'Glenn Beck': The Objective Journalists of NBC News Examine Immigration

This is a rush transcript from "Glenn Beck," May 19, 2010. This copy may not be in its final form and may be updated.

GLENN BECK, HOST: On last night's program — if you TiVo'd it and haven't watched it yet, please do. It's an important show. It's on social justice and how it is infecting our churches.

The same thing is happening with immigration after the passage of the Arizona illegal immigration law. It's not in the churches. Remember, we had Nancy Pelosi talking about one thing. Now, we have NBC News. Now, we we're good at crossing media and state.

They are preparing cross network examination of state of immigration in America for May 26. It's going to be called "A Nation Divided" — "NBC Nightly News."

It will be a series that will spread all across all of the platforms of NBC — NBC, MSNBC, CNBC and Telemundo. Really? You know what those networks all have in common? They're owned by — show me: G.E.

OK, it would have been cool if it happened but we don't have it.

G.E., the same G.E. whose CEO, Jeff Immelt, is on Barack Obama's economic advisory board. The same G.E. is — that has been bailed out by this administration.

The same G.E. who helps this administration by programming green weeks to push climate change.

The same G.E. that we know will be one of the biggest winners if cap-and-trade is passed.

Wow. Are G.E.'s networks now just doing the bidding of the state? Are they the government's broadcast arm? Is NBC America's Pravda? You can decide for yourself.

Back in a minute.


BECK: The merging, last night, of church and state. Tonight, media and state. Here is a little example of how so far NBC's stable of objective journalists have been handling the coverage of the Arizona immigration law. Here it is:


JOE SCARBOROUGH, MSNBC: It does offend me when one out of every three citizens in the state of Arizona are Hispanics and you have now put a target on the back of one of three citizens, who, if they are walking their dog around a neighborhood, if they're walking their child to school, and they're an American citizen or a legal — legal — immigrant can now put a target on their back and make them think that every time they walk out of their door, they may have to prove something.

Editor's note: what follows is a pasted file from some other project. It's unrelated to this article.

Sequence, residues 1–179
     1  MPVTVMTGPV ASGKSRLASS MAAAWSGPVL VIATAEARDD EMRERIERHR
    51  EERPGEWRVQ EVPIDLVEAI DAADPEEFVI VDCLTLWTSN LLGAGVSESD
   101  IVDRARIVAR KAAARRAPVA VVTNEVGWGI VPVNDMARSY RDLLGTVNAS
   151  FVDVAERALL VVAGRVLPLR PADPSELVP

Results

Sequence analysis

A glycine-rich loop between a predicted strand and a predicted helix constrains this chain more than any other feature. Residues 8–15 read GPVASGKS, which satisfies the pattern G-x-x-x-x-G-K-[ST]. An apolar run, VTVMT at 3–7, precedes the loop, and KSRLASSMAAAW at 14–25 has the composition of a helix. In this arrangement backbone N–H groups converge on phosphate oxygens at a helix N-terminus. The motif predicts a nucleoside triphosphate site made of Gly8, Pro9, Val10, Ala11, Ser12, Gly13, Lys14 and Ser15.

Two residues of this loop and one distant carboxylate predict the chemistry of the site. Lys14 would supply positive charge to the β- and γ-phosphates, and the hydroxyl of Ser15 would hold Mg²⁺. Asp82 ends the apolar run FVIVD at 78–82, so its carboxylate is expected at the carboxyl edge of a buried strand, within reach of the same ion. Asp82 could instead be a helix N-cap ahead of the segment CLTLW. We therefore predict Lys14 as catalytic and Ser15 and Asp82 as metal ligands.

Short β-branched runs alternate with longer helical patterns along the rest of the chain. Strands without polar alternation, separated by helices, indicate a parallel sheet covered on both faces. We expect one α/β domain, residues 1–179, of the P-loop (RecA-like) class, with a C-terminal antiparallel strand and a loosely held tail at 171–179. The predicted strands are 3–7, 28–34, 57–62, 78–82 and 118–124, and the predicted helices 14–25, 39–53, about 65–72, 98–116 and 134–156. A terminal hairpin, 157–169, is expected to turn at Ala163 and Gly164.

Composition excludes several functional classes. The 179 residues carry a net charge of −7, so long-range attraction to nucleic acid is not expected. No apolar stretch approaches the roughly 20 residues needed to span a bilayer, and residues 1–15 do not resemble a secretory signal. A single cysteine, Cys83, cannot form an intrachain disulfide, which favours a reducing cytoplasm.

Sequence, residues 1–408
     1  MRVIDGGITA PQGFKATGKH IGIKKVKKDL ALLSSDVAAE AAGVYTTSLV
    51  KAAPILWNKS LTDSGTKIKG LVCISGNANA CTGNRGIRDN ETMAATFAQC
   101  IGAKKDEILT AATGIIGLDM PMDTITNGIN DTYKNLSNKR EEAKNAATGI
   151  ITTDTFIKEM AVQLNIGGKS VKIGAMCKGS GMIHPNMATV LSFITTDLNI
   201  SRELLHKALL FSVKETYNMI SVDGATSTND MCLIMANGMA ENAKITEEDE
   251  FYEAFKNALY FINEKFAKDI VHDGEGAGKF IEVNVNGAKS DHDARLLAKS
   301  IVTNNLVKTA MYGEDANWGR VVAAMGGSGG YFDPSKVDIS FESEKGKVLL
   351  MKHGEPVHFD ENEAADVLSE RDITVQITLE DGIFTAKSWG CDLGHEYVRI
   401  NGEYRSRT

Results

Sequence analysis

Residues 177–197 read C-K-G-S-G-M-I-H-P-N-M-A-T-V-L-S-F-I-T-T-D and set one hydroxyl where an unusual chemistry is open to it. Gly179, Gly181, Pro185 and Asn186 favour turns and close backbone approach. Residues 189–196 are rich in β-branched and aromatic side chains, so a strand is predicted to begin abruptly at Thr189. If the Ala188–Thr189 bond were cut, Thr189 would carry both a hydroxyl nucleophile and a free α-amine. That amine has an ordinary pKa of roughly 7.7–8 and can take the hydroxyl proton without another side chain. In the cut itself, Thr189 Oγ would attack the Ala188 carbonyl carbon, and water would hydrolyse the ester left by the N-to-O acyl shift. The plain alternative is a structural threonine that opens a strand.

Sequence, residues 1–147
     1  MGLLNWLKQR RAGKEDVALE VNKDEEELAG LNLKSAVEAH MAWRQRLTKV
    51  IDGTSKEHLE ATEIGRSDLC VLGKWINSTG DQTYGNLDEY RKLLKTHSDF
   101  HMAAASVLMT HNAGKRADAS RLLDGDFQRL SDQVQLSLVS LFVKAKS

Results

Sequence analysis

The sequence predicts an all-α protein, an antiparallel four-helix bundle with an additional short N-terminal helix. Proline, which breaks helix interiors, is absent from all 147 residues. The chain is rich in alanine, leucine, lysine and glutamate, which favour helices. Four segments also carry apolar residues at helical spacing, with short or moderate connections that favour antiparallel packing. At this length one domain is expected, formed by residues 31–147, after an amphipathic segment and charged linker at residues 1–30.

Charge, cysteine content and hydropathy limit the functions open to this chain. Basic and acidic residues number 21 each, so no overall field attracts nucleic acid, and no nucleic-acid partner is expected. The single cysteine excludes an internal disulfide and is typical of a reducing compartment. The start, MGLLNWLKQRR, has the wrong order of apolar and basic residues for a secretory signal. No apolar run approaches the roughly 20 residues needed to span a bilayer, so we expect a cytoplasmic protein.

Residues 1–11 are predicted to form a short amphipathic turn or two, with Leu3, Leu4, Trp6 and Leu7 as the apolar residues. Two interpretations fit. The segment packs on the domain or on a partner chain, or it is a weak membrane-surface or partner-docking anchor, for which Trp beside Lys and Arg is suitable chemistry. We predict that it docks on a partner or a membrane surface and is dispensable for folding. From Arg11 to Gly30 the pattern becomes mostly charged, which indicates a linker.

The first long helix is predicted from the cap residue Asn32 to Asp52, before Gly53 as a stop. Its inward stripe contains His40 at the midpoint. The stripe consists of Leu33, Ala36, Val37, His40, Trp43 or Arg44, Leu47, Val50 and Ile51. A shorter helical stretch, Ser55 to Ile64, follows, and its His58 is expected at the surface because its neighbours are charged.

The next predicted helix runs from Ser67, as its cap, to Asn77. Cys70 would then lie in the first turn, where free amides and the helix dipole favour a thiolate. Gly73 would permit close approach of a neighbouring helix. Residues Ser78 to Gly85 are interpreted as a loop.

I will tell you, that is un-American. It's unacceptable and it is un-American.

CONTESSA BREWER, MSNBC: The people who are here illegally have a pivotal role in making our country work. They do all kind of jobs. They keep our economy going. They keep us fed, our houses clean, our gardens tended and the like.

When you are looking at removing those people from the system — it's odd to me that you would get so much support. I mean, nationwide, the polls show more than half of the people think that the Arizona law just about gets it right.

Why do you think there is so much support for the law when the consequences of removing those estimated 12 million illegal immigrants could really devastate the economy?

MATT LAUER, CO-HOST, 'TODAY' SHOW: Critics are having a field day with this, Sheriff Arpaio, as you know. Some are calling for business boycott of the State of Arizona. The Homeland Security secretary used to be the governor of Arizona and said she doesn't like this bill.

Editorial cartoons are making fun of it. Here is one where a guy goes up to a fast food counter, orders nachos and is immediately surrounded by police for probable cause. Are you worried that it affects the image of your state?

UNIDENTIFIED GUEST, 'MORNING JOE,' MSNBC: So it's not just Hispanics that should be concerned about this law. I think it's anybody and everybody who worries about their civil rights.


BECK: Jack, come here for a second. Come here for a second. Jack is — Jack is our sound guy here on the floor and a friend. And we were talking about this the other day. I mean, they have the same opinion of people in the White House that haven't even read the bill. It's interesting, isn't it?

Jack, this is your grandmother?

JACK, SOUND CREW: That is my great aunt.

BECK: This is your great aunt? And where is your mom? This is your mom? Your mom was from Jamaica, right?

JACK: Nassau, Bahamas.

BECK: Oh, Nassau, Bahamas. OK. So these are the citizenship papers. And Jack brought them in for me to show because he remembers — as a kid, he remembers the pride she took in these papers, that it was a big deal to get them and the way she kept them.

I mean, we have had papers before. We're not even asking for papers like this. That's not what we're even talking about. Anybody who has read the bill and we did — thank you, Jack.

Anybody who read the bill, which we did on our radio show today — it took us about an hour and we got about halfway through. In just that first 10 pages, I think it says like maybe six or seven times, "This cannot be based on anything but the Constitution. It cannot discriminate on race, ethnicity or nation of origin."

And you have to be stopped for something else. And if the cops don't, the cop goes to jail. Let's talk the truth here. Let's talk the truth, because the truth will set you free and also will set the fire and consume all the untruths.

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